Arriving at the first stop

I have seen so many of those videos on YouTube where couples find out they’re pregnant. There are the ones where people literally jump up and down and squeal. The tricky ones where the woman surprises the man and he either responds in disbelief or an emotional “ARE YOU SERIOUS!?!?” followed by lots of hugs. I have seen couples revealing a positive test to their families which usually results in “WHAT?! YOU’RE KIDDING?” and other such utterances and then lots of tears.

I don’t think we are different, we do things our way and excitement to me has never been something I have physically manifested in jumping up and down or squealing – draws too much attention from this easily embarrassed introvert. Plus, my awesome hubby doesn’t really do surprises, and neither do I!

Just a little bit of background for those wondering. I have always had a 27-28 day cycle with 6 days of bleeding. This is textbook normal, doesn’t usually change even if I am stressed beyond all belief. The only time I have ever had a change was when I was at the top of my physical game and competing in National Triathlon and Swimming where you end up with what they call amenorrhea which means that you have very light periods or even skip them entirely. This occurs mainly cos your body produces hormones when exercising at an elite level which stuffs up your cycle, also the lack of body fat contributes to this hormonal imbalance. Thankfully that hasn’t happened since I was 19. When I left sport it became ‘normal’.

So, when I had none of my usual HELL IS ABOUT TO COME symptoms the day my period was due I thought I should probably do a test. Remembering this was only 2 days after we saw the doc for our fertility results. I reckon there was about 1 second between the time the pee touched the stick and the test line coming up! I was pregnant. I calmly walked out to the kitchen and said to my Husband “Look at this”. In our own way, we were so excited (and relieved after all the fertility testing) as well as laughing because we had to make another doctors appointment so quickly! We texted our immediate families immediately and worked out our due date which was November 4th 2019. I was hoping for Halloween and my husband would have loved November 5th (Guy Fawkes Day!).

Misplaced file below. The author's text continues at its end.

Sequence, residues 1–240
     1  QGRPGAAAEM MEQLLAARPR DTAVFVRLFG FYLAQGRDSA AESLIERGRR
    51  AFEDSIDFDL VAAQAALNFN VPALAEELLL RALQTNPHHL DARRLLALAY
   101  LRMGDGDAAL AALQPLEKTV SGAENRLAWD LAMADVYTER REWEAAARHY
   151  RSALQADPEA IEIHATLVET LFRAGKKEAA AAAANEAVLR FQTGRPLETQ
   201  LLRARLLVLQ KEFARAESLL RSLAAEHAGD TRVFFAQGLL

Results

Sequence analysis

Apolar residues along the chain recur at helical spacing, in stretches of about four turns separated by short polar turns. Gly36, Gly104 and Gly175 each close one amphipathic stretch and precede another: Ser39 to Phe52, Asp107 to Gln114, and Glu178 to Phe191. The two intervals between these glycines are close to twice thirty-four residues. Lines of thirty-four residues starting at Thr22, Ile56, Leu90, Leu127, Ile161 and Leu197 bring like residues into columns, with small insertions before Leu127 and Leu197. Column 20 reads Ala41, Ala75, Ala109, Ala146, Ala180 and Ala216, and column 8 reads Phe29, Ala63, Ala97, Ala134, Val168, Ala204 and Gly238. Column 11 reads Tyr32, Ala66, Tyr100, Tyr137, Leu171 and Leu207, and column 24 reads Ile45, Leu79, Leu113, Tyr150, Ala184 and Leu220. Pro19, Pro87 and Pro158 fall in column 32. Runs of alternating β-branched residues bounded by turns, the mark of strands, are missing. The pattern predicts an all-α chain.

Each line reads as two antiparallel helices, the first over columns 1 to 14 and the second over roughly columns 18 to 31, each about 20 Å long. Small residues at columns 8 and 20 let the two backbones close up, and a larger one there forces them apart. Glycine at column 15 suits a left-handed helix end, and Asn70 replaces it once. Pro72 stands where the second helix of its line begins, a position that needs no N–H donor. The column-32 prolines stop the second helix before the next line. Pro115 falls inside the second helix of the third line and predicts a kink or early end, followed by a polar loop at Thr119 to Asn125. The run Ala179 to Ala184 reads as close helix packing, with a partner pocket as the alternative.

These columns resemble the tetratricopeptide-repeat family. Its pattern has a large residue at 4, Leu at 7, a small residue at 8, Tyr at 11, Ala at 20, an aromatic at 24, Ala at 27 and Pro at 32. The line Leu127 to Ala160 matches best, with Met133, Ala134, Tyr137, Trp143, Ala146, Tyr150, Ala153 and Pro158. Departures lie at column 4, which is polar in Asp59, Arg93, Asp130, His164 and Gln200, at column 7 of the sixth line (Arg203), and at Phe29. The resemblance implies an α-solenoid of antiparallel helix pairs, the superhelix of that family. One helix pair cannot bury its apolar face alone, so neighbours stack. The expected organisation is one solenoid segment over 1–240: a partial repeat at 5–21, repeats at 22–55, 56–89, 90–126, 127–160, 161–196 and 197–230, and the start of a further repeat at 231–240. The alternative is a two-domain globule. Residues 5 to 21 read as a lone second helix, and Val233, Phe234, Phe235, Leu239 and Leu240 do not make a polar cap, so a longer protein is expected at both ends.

So off to the doc we went 2 days later where she rolled her eyes and said “Didn’t I tell you every time I give a referral for fertility nearly everyone gets pregnant!?”. More tests then for me unfortunately. Bloods again to check my blood type, hormone levels, immunity, thyroid hormone iron and HCG (human chorionic gonadotropin). HCG (for those who don’t know) is commonly known as the ‘pregnancy hormone’ and is what those little lines on the ‘pee on a stick’ tests pick up. Basically, this hormone doubles every TWO DAYS (!!!) in the first trimester of pregnancy, slowing down after around 10 weeks and then becoming a thing of the past when you move into trimester two.

We got our Obstetrician (OB) referral and decided to use my private health I had been forking out with and go private. I rung the office and spoke to the midwife who booked me the hospital as well as my first appointment with my OB at 9 weeks. At this stage, I was just past 4 weeks, so there was a surprising way to go before I thought you would see your OB. My GP would look after me in the mean time. There was a lot of information to take in.

Can I just mention the FOOD issues? So you can’t eat basically ANYTHING when you are pregnant. Everything these days is so focused on risk management. No soft cheeses (shit…), no food that has been sitting out in a bain marie or similar (no food courts basically or uber eats), no deli meats no veges that haven’t been thoroughly washed, no mayonnaise or sauce made with raw eggs, no undercooked eggs (yolks or whites)… the list goes on. Anyway, I adhered to it of course.

I continued to take my Elevit every night (this is a pre-pregnancy and during pregnancy vitamin to help prevent Spina Bifida which is caused by not enough Folic Acid as well as giving you all other essential nutrients). Basically, don’t take it on an empty stomach unless you want nausea times a billion!

The bloods came back all good. I am A-, same as my Mum when it comes to blood type. We are 2% of the population so if you are A- like me help us out and donate blood! My husband is 0+ which means that I would need anti – D after this pregnancy so make sure my body doesn’t form anti bodies in case the baby has a +ve blood group. This basically affects future pregnancies – if you have anti bodies and a future baby is +ve blood type then my blood cells and body will try and get rid of it. Charming huh?

I also had developed what they call subclinical hypothyroidism. Basically this means a high TSH (thyroid stimulating hormone) but normal T4 and T3 which is what the thyroid pumps into the blood stream. Basically it does me no damage but if it turns clinical it can hurt the baby. So this normal thyroid I had had only 2 weeks prior to being pregnant was now having a spaz so I started on Thyroxine 75mg every morning. Thyroxine collides with Elevit so you have to keep them apart like fighting siblings. I would have another blood test in 6 weeks to make sure the levels are right. This will prove to be a pain in the ass as time goes on… but that’s for another day.